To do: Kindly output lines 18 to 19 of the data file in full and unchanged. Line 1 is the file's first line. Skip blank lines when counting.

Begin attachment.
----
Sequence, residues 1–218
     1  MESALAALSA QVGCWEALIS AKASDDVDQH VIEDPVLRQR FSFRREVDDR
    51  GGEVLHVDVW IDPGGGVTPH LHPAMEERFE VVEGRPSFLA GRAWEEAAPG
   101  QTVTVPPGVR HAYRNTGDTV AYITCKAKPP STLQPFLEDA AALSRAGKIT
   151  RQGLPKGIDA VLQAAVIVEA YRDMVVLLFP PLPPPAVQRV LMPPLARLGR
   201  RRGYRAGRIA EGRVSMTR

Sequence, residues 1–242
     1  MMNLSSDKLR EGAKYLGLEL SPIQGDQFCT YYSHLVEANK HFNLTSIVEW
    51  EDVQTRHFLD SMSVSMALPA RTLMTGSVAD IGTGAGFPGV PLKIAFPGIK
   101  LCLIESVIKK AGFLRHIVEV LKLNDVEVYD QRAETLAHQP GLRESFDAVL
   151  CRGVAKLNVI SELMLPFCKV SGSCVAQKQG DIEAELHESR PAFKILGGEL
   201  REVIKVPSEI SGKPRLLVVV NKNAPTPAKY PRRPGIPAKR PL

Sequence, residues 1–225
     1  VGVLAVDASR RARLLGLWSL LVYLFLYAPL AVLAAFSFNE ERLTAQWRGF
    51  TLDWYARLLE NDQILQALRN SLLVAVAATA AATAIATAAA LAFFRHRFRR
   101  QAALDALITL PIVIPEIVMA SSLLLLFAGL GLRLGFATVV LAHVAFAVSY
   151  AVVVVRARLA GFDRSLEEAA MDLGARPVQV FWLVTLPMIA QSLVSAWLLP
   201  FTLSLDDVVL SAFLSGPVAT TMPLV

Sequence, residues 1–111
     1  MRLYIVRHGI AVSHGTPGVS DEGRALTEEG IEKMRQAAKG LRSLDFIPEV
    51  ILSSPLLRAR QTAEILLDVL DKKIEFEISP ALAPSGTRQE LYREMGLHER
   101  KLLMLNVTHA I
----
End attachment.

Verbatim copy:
   201  FTLSLDDVVL SAFLSGPVAT TMPLV

Sequence, residues 1–111